Q: (A composite question based on a number of telephone calls and messages received on Sunday and Monday.) In your column a week ago Saturday, you said that Big-T Water had risen from $2500 to $3000 a unit in September to $21,000 a unit. Another writer in your newspaper on Sunday in the Business Section indicated the true increase was from $7000 to $17,000 with sales around $14,000. Who is right?
A: I have not met the writer of that particular article or know what, if any, background he actually has in water. But as a reporter it seemed he was merely passing on what he was told by his sources. I, on the other hand, was sharing actual sales, offers, and/or contracts that I, another attorney, and a water broker independently had actually seen and/or been involved with. So the numbers in my column, I feel, give a more accurate picture of what has been happening.
And remember, as in the stock market, the run up in value has not included all water. So to focus on just certain kinds of water does not mean that there is no other water available at dramatically lower prices, depending of course on the proposed use.
The demand that spiked up the price of Big-T water seemed to start here in the Fort Collins area. Then as demand declined here other buyers in the Loveland/Berthoud area jumped in and pumped up the price as the Fort Collins demand slackened. Now much of the interest in Big-T water seems to be centered in the southern and southeastern part of the Northern Colorado Water Conservancy District.
Q: Do I have an estate problem if I live in Colorado for part of the year and Arizona for the rest of the year?
A: Yes and no. First, let's look at legal documents. Your Will and your Durable Power of Attorney (including medical) will be valid in either state regardless of where each was actually executed. (I suggest that you sign four original Durable Powers of Attorney in case one or more are not given back after use by a third party and you do not have the capacity to sign new ones at the time.)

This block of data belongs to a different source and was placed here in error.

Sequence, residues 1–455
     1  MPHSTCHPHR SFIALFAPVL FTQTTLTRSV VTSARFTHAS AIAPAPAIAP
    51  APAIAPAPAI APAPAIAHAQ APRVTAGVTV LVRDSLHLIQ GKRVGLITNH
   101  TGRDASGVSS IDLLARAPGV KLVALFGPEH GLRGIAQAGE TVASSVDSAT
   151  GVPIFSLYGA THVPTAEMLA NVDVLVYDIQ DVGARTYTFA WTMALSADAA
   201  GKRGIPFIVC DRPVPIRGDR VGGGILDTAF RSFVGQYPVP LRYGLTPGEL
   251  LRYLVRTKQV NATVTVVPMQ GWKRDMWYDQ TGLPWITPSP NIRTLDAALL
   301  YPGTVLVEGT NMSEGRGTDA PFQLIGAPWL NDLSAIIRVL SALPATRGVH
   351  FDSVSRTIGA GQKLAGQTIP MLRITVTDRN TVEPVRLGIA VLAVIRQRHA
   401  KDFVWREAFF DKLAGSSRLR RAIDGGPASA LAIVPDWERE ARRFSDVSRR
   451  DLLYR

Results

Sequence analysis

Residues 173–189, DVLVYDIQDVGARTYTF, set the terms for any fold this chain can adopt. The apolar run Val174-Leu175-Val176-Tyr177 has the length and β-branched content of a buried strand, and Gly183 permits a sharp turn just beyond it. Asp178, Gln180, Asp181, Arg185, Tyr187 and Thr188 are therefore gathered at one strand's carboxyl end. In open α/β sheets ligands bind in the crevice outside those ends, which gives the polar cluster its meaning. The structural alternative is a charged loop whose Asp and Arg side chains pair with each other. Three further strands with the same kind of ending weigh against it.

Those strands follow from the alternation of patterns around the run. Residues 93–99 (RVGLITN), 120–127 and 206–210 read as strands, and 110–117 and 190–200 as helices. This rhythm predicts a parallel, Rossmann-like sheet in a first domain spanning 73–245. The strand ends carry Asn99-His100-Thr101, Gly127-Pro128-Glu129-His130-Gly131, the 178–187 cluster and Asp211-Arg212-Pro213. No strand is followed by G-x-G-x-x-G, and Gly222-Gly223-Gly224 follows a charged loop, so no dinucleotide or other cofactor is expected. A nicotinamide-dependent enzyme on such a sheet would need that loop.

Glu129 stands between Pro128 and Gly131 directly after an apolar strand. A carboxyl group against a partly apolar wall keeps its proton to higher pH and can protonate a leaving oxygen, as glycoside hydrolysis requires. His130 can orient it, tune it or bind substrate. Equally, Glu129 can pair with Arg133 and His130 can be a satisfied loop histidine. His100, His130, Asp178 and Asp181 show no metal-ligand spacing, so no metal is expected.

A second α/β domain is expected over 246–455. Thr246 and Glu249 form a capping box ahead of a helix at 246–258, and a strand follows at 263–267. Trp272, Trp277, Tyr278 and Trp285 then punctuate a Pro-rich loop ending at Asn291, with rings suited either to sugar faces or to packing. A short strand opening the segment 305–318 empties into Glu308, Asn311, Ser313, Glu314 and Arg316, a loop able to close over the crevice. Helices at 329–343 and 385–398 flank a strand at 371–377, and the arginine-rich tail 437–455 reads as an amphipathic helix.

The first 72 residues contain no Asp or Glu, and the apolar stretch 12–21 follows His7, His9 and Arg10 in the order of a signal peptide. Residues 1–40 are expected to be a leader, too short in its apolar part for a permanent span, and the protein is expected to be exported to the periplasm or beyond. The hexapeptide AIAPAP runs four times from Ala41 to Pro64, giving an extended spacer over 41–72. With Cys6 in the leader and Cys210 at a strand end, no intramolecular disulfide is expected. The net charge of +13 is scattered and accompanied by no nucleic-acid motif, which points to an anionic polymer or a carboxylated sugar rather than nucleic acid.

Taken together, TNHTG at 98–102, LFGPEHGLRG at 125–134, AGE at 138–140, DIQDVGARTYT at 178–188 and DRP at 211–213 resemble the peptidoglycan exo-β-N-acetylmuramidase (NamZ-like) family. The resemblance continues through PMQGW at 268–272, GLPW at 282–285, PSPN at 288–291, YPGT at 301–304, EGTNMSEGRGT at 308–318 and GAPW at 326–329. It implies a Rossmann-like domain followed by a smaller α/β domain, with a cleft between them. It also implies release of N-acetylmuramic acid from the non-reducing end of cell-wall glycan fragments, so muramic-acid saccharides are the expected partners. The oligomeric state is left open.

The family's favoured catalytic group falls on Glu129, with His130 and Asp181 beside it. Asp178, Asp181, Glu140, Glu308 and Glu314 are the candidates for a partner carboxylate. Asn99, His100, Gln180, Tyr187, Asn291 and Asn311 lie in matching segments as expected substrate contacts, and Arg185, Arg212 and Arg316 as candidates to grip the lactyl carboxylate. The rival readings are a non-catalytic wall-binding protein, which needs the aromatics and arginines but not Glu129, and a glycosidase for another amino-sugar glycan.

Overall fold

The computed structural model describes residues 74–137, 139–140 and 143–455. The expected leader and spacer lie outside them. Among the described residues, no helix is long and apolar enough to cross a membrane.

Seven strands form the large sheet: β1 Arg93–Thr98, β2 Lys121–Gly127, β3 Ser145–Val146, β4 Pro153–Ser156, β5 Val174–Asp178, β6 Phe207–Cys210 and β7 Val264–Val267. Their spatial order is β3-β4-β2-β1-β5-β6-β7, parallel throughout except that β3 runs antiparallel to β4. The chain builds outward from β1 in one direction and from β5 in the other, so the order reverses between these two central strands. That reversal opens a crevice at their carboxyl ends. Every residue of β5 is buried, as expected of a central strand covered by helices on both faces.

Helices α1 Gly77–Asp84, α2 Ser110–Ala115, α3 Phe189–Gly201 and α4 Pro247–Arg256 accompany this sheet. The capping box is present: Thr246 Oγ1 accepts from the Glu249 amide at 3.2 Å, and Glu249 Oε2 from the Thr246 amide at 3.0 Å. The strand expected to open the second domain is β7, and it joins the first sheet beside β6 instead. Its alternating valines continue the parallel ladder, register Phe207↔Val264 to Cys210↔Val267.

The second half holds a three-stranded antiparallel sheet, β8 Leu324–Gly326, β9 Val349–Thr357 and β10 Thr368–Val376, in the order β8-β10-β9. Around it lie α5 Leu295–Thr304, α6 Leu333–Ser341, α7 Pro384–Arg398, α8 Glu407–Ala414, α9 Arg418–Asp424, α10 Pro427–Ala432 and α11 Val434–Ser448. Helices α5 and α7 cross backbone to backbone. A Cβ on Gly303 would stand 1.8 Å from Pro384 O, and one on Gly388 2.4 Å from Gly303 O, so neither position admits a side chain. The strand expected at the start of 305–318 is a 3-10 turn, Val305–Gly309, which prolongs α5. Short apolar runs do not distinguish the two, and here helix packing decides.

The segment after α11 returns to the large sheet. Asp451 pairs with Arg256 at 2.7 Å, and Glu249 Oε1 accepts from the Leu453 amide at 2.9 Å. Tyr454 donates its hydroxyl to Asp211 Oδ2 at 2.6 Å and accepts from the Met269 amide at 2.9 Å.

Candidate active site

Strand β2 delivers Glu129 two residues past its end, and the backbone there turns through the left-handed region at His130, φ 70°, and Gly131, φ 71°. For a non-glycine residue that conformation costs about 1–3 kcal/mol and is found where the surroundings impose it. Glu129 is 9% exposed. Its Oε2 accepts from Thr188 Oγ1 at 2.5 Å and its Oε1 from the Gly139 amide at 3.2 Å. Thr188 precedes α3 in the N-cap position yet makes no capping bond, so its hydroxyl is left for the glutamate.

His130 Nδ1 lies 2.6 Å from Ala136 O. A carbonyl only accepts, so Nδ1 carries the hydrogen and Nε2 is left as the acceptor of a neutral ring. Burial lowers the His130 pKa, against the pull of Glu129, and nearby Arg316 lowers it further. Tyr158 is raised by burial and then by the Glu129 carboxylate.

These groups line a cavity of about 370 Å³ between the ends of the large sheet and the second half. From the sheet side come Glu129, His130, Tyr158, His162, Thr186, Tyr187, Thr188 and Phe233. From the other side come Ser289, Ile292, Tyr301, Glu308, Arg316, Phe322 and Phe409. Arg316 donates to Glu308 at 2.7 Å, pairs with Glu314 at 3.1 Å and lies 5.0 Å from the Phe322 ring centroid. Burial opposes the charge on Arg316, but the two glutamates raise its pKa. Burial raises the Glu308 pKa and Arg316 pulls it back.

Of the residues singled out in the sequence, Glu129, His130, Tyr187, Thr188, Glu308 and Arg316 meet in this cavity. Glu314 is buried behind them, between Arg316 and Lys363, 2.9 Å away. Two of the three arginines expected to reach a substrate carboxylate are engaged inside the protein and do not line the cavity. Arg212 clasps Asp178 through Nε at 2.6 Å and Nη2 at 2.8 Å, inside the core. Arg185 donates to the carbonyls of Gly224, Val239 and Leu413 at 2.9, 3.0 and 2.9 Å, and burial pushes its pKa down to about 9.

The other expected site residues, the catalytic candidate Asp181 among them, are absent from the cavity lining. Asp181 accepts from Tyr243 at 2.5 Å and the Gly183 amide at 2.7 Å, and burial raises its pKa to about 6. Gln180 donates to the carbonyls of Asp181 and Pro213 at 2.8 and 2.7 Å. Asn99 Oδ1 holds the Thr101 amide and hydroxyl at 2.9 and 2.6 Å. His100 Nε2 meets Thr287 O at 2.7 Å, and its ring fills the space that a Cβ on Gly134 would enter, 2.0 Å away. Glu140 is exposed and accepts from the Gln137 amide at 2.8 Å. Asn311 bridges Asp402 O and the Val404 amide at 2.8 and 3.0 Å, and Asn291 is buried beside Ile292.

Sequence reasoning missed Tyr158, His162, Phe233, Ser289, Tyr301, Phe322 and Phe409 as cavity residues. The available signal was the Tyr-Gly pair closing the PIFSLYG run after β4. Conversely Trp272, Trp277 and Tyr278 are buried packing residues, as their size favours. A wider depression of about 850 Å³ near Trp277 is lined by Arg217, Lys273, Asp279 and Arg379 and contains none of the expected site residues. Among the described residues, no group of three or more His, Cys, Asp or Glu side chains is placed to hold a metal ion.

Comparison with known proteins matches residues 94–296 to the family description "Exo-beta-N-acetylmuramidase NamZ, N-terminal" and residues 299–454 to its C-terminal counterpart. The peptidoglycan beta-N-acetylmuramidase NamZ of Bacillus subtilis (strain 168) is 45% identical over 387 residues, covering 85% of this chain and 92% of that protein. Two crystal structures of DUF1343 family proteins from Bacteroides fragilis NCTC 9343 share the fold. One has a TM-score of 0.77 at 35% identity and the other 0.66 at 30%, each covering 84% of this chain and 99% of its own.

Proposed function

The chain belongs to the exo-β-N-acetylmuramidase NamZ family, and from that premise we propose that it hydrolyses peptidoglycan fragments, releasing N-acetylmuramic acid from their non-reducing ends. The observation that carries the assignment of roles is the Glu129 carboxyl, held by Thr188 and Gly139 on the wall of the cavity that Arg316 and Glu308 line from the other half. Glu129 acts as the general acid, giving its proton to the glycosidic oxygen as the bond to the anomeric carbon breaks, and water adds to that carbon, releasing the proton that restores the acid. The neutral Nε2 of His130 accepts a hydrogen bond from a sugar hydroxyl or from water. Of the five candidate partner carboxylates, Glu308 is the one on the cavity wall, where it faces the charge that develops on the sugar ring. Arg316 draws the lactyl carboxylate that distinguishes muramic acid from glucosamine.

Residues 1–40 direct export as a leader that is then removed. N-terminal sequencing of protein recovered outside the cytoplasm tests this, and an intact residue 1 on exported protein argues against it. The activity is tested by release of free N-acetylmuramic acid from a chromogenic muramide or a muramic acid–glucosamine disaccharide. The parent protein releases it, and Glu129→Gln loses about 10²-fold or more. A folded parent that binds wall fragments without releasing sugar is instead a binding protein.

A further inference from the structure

But Living Wills (the document that directs that life sustaining machines be turned off) are a product of each state's law. Since neither Colorado nor Arizona is required to recognize the other's document, it is best to sign one in each state using that state's officially approved form. Unlike a Will, a later Living Will does not cancel an earlier one.
Each state may try to claim you as a citizen of that state for things such as estate settlement and taxation. Thus you must choose one state to be your legal home and the other to be your "nondomiciliary residence" to avoid double estate settlement expenses and taxes. Your attorney can help you to be sure that as many of your incidents of legal residence as possible point to one state – e.g. where you are registered to vote, which state you list on legal documents such as a passport, where you file tax returns as a legal residence as opposed to an out-of-state residence, where vehicles are registered, etc, just to name a very few. But ideally all should point to just one state as your legal home.
Next, property ownership must be coordinated. Except for real estate, all property that you own will be subject to the law of the home state. For example, such things as bank accounts, brokerage accounts, stocks, vehicles, etc., that are located or titled in another state but are in your name can be transferred in a Colorado proceeding without having to start another probate proceeding in Arizona. If real estate is present in a sister state and not held in joint tenancy, and if its probate laws are similar to the Colorado Probate proceedings, a Will probably is all that is needed even though two probates must be started. But if the other state's laws are not as friendly as our system in Colorado, then a living trust could become a must. You need to have an Arizona estate planning lawyer talk to your Colorado lawyer for just a few minutes.
The foregoing is just part of the answer. But I am out of space so let me continue at another time so that you can have a complete picture of the basic overall structure.